Twitter has just issued an official statement on the recent news that their currently testing an increase character count per tweet to 280, double the original 140 we’ve all grown to either live with or hate.
Their reasoning behind this is, in languages such as Japanese, users can convey about double the amount of information in one character as you can in English for example. It’s a case of making the platform equal for everyone.
Admittedly, not everyone is going to get to test this feature out as they’re only trialing it on a “small group right now” but, if the feedback is positive, there’s a chance this could be rolled out more broadly.
Below is the official statement from Twitter for you to have a read over and be sure to let us know about this potential new feature in the comments below.
Giving you more characters to express yourself
Trying to cram your thoughts into a Tweet – we’ve all been there, and it’s a pain.
Interestingly, this isn’t a problem everywhere people Tweet. For example, when you Tweet in English, you quickly run into the 140 character limit and have to edit the Tweet down so it fits. Sometimes, you have to remove a word that conveys an important meaning or emotion, or you don’t send the Tweet at all. But when Iku Tweets in Japanese, he doesn’t have the same problem. He finishes sharing his thought and still has room to spare. This is because in languages like Japanese, Korean, and Chinese you can convey about double the amount of information in one character as you can in many other languages, like English, Spanish, Portuguese, or French.
We want every person around the world to easily express themselves on Twitter, so we’re doing something new: we’re going to try out a longer limit, 280 characters, in languages impacted by cramming (which is all except Japanese, Chinese, and Korean).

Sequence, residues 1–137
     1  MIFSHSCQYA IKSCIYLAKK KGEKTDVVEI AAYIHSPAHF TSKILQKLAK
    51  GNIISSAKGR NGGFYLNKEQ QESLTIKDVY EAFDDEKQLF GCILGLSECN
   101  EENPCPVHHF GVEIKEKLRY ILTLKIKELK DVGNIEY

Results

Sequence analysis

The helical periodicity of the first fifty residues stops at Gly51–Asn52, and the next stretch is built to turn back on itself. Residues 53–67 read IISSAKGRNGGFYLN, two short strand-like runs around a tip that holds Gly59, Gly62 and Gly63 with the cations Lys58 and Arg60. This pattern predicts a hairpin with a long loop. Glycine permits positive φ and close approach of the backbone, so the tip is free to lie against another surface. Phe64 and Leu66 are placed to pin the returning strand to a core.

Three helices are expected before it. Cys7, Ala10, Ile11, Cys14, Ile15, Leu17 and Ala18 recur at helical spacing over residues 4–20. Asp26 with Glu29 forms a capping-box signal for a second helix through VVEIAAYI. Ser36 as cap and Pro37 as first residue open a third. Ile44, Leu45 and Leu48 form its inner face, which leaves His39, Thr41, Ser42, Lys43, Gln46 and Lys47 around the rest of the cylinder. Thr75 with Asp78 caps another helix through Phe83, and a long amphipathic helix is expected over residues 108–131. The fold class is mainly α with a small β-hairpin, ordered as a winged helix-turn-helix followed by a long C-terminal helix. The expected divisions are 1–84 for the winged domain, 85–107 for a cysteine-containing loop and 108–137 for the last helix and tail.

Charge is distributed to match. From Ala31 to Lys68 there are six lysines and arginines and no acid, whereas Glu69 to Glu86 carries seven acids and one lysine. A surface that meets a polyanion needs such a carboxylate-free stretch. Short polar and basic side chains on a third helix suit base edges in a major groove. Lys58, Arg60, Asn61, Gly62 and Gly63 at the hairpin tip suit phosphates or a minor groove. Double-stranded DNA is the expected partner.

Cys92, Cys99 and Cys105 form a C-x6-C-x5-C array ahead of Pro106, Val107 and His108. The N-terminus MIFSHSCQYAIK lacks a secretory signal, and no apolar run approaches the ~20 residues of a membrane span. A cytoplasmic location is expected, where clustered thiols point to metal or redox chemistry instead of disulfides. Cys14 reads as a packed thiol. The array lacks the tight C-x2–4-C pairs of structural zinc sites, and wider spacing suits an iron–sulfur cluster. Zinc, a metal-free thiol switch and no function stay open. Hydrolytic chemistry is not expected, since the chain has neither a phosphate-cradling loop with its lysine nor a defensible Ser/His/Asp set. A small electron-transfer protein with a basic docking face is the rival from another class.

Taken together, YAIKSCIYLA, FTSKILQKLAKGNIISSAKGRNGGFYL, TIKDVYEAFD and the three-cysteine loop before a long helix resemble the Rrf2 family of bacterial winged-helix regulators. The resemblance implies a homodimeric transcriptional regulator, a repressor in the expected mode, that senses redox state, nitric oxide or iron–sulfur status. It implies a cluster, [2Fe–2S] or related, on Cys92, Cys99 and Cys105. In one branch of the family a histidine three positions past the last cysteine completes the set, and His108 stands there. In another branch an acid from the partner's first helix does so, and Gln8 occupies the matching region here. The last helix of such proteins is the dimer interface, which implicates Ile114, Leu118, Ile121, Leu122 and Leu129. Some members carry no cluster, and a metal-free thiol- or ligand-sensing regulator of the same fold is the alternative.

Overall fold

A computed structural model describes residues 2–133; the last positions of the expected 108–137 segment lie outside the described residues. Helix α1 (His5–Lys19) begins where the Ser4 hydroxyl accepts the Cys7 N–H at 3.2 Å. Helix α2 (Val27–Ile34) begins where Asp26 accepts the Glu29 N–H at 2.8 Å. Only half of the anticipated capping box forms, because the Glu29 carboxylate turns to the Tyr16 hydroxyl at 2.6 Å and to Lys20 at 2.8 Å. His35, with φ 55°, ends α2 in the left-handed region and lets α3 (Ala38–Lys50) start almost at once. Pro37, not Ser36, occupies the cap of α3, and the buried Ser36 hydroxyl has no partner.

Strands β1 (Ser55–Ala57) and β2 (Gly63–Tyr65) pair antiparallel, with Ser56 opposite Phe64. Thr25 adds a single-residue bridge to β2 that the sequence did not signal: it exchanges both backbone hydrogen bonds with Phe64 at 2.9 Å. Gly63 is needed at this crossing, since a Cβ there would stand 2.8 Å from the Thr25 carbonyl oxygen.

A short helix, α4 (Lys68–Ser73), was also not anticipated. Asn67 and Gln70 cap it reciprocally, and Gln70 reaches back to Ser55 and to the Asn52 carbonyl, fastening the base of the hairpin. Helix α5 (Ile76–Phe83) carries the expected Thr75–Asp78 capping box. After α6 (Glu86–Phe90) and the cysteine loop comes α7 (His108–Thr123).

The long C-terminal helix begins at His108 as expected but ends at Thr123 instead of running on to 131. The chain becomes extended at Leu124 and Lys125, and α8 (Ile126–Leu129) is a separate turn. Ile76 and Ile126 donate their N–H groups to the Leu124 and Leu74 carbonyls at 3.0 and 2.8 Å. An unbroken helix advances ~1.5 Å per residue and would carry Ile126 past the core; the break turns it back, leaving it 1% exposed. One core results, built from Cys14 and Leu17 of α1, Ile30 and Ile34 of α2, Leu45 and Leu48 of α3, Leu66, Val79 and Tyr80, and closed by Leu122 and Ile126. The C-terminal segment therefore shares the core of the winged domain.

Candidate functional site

Although this is only available to a small group right now, we want to be transparent about why we are excited to try this. Here are some of our findings:
We see that a small percent of Tweets sent in Japanese have 140 characters (only 0.4%). But in English, a much higher percentage of Tweets have 140 characters (9%). Most Japanese Tweets are 15 characters while most English Tweets are 34. Our research shows us that the character limit is a major cause of frustration for people Tweeting in English, but it is not for those Tweeting in Japanese. Also, in all markets, when people don’t have to cram their thoughts into 140 characters and actually have some to spare, we see more people Tweeting – which is awesome!
Although we feel confident about our data and the positive impact this change will have, we want to try it out with a small group of people before we make a decision to launch to everyone. What matters most is that this works for our community – we will be collecting data and gathering feedback along the way. We’re hoping fewer Tweets run into the character limit, which should make it easier for everyone to Tweet.
Twitter is about brevity. It’s what makes it such a great way to see what’s happening. Tweets get right to the point with the information or thoughts that matters. That is something we will never change.
We understand since many of you have been Tweeting for years, there may be an emotional attachment to 140 characters – we felt it, too. But we tried this, saw the power of what it will do, and fell in love with this new, still brief, constraint. We are excited to share this today, and we will keep you posted about what we see and what comes next.